This week our series of mini-surveys will focus on the Library. You can let us know what you think and help us to improve our services by answering five questions about your experience before the deadline on Friday 22 March. what do you find most useful about the Library services? What could be improved? We’d like you to share your thoughts with us.

Don’t forget – our main undergraduate student surveys are also now live and we’re offering a prize draw to win VIP tickets to RUSU’s Summer Ball:

5 questions on… The Academic Tutor System

We’re continuing our series of mini surveys, and this week we’d like to hear your thoughts about the Academic Tutor System. Is there anything you particularly like about it? Or anything you would like to change? Tell us what you think!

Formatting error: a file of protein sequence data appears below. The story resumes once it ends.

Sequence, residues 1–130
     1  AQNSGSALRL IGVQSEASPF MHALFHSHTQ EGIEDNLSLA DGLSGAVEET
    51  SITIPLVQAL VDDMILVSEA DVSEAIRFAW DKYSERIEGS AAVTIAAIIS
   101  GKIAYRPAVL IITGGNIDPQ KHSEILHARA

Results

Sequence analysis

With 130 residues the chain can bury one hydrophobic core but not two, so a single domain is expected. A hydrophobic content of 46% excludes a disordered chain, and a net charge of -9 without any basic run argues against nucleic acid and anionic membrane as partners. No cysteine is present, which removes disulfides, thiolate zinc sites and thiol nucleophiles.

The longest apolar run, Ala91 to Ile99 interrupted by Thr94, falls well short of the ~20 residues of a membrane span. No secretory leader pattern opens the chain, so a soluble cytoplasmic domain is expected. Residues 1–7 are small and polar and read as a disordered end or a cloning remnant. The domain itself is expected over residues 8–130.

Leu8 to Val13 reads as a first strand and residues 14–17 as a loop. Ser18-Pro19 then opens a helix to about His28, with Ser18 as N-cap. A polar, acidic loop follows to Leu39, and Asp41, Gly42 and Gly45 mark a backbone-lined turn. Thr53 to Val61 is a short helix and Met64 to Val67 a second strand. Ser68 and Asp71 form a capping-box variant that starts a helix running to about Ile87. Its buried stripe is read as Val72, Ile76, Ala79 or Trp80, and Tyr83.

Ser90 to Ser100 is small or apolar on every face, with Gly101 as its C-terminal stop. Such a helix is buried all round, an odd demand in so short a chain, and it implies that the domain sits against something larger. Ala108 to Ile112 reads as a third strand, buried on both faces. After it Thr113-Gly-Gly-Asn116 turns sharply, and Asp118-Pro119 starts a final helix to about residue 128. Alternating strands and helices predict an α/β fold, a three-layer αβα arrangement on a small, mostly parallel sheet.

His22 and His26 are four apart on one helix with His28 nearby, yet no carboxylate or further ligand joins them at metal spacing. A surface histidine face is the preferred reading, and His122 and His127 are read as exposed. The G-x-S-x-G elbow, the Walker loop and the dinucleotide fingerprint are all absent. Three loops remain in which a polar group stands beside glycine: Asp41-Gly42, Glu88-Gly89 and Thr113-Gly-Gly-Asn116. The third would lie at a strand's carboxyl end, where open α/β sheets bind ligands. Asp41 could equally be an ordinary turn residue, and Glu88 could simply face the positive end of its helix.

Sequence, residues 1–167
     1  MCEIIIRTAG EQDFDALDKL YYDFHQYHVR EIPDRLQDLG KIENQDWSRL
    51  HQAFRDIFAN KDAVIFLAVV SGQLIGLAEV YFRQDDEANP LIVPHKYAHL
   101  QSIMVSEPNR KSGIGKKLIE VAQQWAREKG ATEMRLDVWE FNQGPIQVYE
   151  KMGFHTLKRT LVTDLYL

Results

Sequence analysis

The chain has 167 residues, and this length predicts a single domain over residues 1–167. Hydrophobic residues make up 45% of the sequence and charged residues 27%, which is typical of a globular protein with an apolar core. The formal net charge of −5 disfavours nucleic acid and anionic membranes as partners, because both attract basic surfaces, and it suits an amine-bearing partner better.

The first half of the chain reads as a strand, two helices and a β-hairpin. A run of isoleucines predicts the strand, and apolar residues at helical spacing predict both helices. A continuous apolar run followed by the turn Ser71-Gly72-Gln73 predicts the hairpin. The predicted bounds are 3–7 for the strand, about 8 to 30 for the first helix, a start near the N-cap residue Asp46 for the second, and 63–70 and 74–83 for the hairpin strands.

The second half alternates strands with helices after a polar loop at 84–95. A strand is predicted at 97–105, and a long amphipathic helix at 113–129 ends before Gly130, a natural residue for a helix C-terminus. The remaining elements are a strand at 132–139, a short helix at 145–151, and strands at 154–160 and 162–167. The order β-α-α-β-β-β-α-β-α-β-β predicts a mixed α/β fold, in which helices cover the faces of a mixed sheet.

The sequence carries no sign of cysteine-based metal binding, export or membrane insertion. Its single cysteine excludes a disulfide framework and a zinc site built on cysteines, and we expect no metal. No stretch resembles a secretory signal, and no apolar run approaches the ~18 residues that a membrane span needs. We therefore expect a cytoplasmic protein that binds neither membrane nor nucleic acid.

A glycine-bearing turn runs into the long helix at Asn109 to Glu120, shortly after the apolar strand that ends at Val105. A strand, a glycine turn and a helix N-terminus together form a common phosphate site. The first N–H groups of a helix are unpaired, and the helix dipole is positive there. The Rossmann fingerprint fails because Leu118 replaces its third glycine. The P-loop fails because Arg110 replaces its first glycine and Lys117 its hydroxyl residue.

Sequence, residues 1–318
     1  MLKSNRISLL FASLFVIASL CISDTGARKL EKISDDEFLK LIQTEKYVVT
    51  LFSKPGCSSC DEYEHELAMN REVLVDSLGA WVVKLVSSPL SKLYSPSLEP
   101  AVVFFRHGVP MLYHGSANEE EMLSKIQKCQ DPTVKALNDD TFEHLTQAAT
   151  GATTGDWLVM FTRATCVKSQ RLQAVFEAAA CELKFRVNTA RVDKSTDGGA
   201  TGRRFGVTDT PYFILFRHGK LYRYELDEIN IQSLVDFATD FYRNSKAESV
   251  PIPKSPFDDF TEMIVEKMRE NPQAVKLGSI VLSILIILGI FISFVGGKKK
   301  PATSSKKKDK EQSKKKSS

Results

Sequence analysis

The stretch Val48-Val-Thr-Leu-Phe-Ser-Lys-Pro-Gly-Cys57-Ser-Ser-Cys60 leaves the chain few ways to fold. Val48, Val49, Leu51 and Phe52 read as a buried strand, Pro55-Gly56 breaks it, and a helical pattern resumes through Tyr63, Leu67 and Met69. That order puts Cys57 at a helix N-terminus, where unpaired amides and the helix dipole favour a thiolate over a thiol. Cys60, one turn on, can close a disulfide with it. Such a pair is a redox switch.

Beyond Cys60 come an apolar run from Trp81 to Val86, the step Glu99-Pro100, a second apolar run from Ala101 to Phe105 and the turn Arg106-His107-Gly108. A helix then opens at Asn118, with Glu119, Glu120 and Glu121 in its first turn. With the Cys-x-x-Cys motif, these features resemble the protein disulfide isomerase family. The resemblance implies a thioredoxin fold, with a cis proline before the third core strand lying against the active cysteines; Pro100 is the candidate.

Help us to review and improve our services by completing our online survey before end of day on Friday 15 March. 

Don’t forget – our main undergraduate student surveys are also now live and we’re offering a prize draw to win VIP tickets to RUSU’s Summer Ball:

Did you know that sport can help improve your mental health?

Third year student Megan, Vice-President of the Sport in Mind society, explains why sport is beneficial for positive mental wellbeing.

For some people university is the best days of their lives, but for others it can be a very stressful time. A recent report by the NUS showed that 78% of students worry about their mental health, but over half of them said that they did not seek help.

Sport is an excellent way to take your mind off of the stress of uni life, make new friends and release endorphins. As well as being great for your physical health too!